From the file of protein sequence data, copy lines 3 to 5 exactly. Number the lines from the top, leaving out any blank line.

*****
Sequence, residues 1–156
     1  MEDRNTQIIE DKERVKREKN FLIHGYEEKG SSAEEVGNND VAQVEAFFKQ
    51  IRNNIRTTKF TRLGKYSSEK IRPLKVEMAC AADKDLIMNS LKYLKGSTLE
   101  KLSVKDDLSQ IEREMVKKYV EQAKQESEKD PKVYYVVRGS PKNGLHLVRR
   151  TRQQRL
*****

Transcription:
    51  IRNNIRTTKF TRLGKYSSEK IRPLKVEMAC AADKDLIMNS LKYLKGSTLE
   101  KLSVKDDLSQ IEREMVKKYV EQAKQESEKD PKVYYVVRGS PKNGLHLVRR
   151  TRQQRL